Renowned in her time for being the most beautiful woman in Europe, the wife of two kings and mother of three, Eleanor of Aquitaine was one of the great heroines of the Middle Ages. At a time when women were regarded as little more than chattel, Eleanor managed to defy convention as she exercised power in the political sphere and crucial influence over her husbands and sons. In this beautifully written biography, Alison Weir paints a vibrant portrait of this truly exceptional woman, and provides new insights into her intimate world. Eleanor of Aquitaine lived a long life of many contrasts, of splendor and desolation, power and peril, and in this stunning narrative, Weir captures the woman— and the queen—in all her glory. With astonishing historic detail, mesmerizing pageantry, and irresistible accounts of royal scandal and intrigue, she recreates not only a remarkable personality but a magnificent past era.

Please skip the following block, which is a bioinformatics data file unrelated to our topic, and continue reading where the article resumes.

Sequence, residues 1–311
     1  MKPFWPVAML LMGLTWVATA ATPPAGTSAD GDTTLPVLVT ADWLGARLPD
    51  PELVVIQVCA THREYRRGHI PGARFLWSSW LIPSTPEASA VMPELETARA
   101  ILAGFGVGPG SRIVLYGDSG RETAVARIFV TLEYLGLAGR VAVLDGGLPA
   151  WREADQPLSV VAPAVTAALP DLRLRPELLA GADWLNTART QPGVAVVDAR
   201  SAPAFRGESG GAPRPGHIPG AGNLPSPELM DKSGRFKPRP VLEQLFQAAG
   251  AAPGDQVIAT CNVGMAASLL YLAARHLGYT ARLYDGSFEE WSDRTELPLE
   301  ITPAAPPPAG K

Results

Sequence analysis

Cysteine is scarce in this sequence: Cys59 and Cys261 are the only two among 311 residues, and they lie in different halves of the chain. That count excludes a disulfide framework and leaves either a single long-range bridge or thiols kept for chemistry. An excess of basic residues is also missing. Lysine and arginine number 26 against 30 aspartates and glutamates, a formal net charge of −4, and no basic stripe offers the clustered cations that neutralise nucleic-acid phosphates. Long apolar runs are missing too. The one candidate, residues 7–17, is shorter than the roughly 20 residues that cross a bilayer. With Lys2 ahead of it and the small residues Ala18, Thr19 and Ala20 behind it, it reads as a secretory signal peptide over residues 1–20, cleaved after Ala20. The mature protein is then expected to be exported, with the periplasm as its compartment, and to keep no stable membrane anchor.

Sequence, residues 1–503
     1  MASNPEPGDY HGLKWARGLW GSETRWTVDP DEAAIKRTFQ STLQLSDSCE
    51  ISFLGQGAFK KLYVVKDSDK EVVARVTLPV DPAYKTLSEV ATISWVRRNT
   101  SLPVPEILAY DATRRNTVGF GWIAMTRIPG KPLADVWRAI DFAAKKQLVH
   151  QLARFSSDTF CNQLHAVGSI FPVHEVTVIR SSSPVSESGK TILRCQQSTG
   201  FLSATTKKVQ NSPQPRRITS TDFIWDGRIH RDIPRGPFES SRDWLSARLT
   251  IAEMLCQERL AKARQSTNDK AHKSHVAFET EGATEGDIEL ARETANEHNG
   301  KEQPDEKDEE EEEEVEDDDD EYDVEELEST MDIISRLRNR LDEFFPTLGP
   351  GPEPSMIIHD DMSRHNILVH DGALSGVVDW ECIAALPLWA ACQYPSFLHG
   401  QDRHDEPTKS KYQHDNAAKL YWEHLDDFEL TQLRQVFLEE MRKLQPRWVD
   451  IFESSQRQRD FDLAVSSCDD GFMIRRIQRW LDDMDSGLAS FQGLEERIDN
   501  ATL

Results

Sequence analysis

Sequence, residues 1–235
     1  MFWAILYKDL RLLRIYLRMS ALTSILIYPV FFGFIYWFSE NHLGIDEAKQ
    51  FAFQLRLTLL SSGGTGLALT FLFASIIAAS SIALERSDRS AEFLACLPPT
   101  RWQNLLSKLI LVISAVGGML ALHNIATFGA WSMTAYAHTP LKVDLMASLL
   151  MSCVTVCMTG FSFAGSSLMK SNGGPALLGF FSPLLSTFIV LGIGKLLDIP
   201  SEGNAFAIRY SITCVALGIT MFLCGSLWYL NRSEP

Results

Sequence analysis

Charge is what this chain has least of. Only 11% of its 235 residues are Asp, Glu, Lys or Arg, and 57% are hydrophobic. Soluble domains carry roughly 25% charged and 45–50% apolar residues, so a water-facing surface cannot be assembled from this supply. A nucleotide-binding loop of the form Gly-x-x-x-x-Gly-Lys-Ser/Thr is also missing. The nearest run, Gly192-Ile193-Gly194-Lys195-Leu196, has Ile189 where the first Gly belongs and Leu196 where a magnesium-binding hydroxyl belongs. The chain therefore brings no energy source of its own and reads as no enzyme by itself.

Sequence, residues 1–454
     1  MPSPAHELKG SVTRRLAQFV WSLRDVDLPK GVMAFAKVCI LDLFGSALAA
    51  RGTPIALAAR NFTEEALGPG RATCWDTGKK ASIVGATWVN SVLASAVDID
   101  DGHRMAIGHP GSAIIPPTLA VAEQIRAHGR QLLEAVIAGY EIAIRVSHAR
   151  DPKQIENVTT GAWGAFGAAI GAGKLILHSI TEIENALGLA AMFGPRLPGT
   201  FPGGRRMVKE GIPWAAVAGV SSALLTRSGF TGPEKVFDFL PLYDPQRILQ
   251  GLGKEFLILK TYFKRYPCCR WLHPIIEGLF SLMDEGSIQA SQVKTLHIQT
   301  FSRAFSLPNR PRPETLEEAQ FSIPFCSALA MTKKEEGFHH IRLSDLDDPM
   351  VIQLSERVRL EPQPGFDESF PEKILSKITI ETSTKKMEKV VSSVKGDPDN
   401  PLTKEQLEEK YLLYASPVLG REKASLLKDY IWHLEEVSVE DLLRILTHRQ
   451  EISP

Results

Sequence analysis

As delicately textured as a 12th-century tapestry, royal biographer Weir's (The Life of Elizabeth I, etc.) newest book is exhilarating in its color, ambition and human warmth. The author exhibits a breathtaking grasp of the physical and cultural context of Queen Eleanor's life, presenting a fuller, more holistic appreciation of a dazzling world whose charms can easily be anesthetized by dull narrative. And from the start, her auburn-haired subject, a live wire in a restrictive society, muse of poets and crusaders, seduces the reader. Weir conveys a deep empathy for the relaxed south of France where Eleanor was raised, a natural home for the gospel of courtly love. She paints a Brueghelesque picture of England, where wolves roamed the forests and people made skates in winter out of animal bones. In approaching as complex a subject as feudalism, Weir wears her learning lightly and has a pleasant habit of anticipating all the questions of a curious reader. Her account parades a sequence of extraordinary characters: the saintly abbot Bernard of Clairvaux, who as an adolescent leapt into a freezing pond until his erection subsided; Eleanor's first husband, Louis VII of France, haunted by the screams of burning victims after his assault on a village in Champagne; her lover, Raymond of Poitiers, who could bend an iron bar with his bare hands; and her second husband, Henry II of England, her princely mirror in energy, intelligence and sexuality. Above all, there is the heroine, viewed clear-sightedly in all her intoxicating and imperious irresistibility. Illus. not seen by PW.